Cheng is an expert on category theory, a cutting-edge subject that is all about figuring out how math works, a kind of mathematics of mathematics. In How to Bake Pi, Cheng starts with the basic question "What is math?" to explain concepts like abstraction, generalization, and idealization. By going back to the logical foundation of the math we all know (and may or may not love), she shows that math is actually designed to make difficult things easier. From there, she introduces us to category theory, explaining how it works to organize and simplify the whole discipline of mathematics, bridging the gaps between different mathematical concepts and shedding light on some of math's most puzzling mysteries. Though the ideas are far from simple, Cheng outlines everything in crystal-clear terms, drawing on a wide range of analogies and examples to show that doing math uses the same skills we rely on when we read a map, cook a new dish, or complete a jigsaw puzzle. The result is a book that combines some of the most satisfying features of popular math books—the thrill of truly understanding things that may or may not have been confounding in high school, while still look long and hard into unexplored territory.

Through lively writing and easy-to-follow explanations, How to Bake Pi will take even the most hardened math-phobe on a journey to the cutting edge mathematical research.

Editorial Reviews

Editorial Reviews

“[A] slyly illuminating dispatch on the deep meaning of mathematics…She compels us to see numbers and symbols as vivid characters in an ongoing drama.” Natalie Angier, Pulitzer prize-winning science columnist
“Invoking plenty of examples from cooking and baking, as well as other everyday-life situations such as calculating a taxi fare, searching for love through online dating services and training for a marathon, [Cheng] explains abstract mathematical ideas—including topology and logic—in understandable ways….[A] lively, accessible book.” Scientific American
“Her tone is clear, clever, and friendly. Even at her most whimsical she is rigorous and insightful. Potentially confusing ideas are expressed with a matter-of-fact simplicity…How to Bake Pi is a welcome addition to the popular-math shelf.” New York Times Book Review
“Cheng is exceptional at translating the abstract concepts of mathematics into ordinary language…and makes her love for mathematics contagious.” Publishers Weekly (starred review)
“Tavia Gilbert narrates with a liveliness and lightness that one might not expect in a book about the world of mathematics…Gilbert’s fluid voice conveys the themes of beauty and power in both the concrete and abstract aspects of math…Gilbert’s lyrical narration, together with her deliberate speed as she delivers the formulas, brings clarity and a down-to-earth approach to this often intimidating subject matter. Winner of the AudioFile Earphones Award.” AudioFile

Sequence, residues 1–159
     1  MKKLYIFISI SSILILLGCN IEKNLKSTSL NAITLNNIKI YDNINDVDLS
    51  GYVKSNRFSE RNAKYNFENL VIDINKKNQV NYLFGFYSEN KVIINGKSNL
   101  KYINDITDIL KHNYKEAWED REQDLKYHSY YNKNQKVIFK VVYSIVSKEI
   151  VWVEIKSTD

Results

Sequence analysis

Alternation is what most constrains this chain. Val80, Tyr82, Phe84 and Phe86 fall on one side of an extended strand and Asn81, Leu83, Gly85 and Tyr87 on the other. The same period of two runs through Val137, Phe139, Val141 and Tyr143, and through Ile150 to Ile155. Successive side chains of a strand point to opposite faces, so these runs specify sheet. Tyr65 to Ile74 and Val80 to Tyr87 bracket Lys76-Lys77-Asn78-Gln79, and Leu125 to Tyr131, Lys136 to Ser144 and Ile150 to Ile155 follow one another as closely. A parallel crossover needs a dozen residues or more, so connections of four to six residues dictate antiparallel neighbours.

“An original book using recipes to explain sophisticated math concepts to students and even the math-phobic…[Cheng] is a gifted teacher…A sharp, witty book to press on students and even the teachers of math teachers.” Kirkus Reviews
“What a charming and original book! The central analogy—math is like cooking—turns out to be surprisingly apt and often funny.” Steven Strogatz, professor of mathematics, Cornell University, and author of The Joy of x
“With this delightfully surprising book, Eugenia Cheng reveals the hidden beauty of mathematics with passion and simplicity. After reading How to Bake Pi, you won’t look at math (nor porridge!) in the same way ever again.” Roberto Trotta, author of The Edge of the Sky
“Cheng’s charming new book embeds math in a casing of wry, homespun metaphors…Cheng is at home with math…by the end of How to Bake Pi, you might be, too.” Jordan Ellenberg, professor of mathematics, University of Wisconsin, and author of How Not to Be Wrong

Reviews

Reviews

Author

Author Bio: Eugenia Cheng

Author Bio: Eugenia Cheng

Eugenia Cheng is tenured in the School of Mathematics and Statistics at the University of Sheffield in the United Kingdom. She has previously been on the mathematics faculty at the University of Chicago and is the Scientist in Residence at the School of the Art Institute of Chicago. She lives in Chicago.

Titles by Author

Details

Details

Available Formats : Digital Download, CD, MP3 CD
Category: Nonfiction/Science
Runtime: 8.31
Audience: Adult
Language: English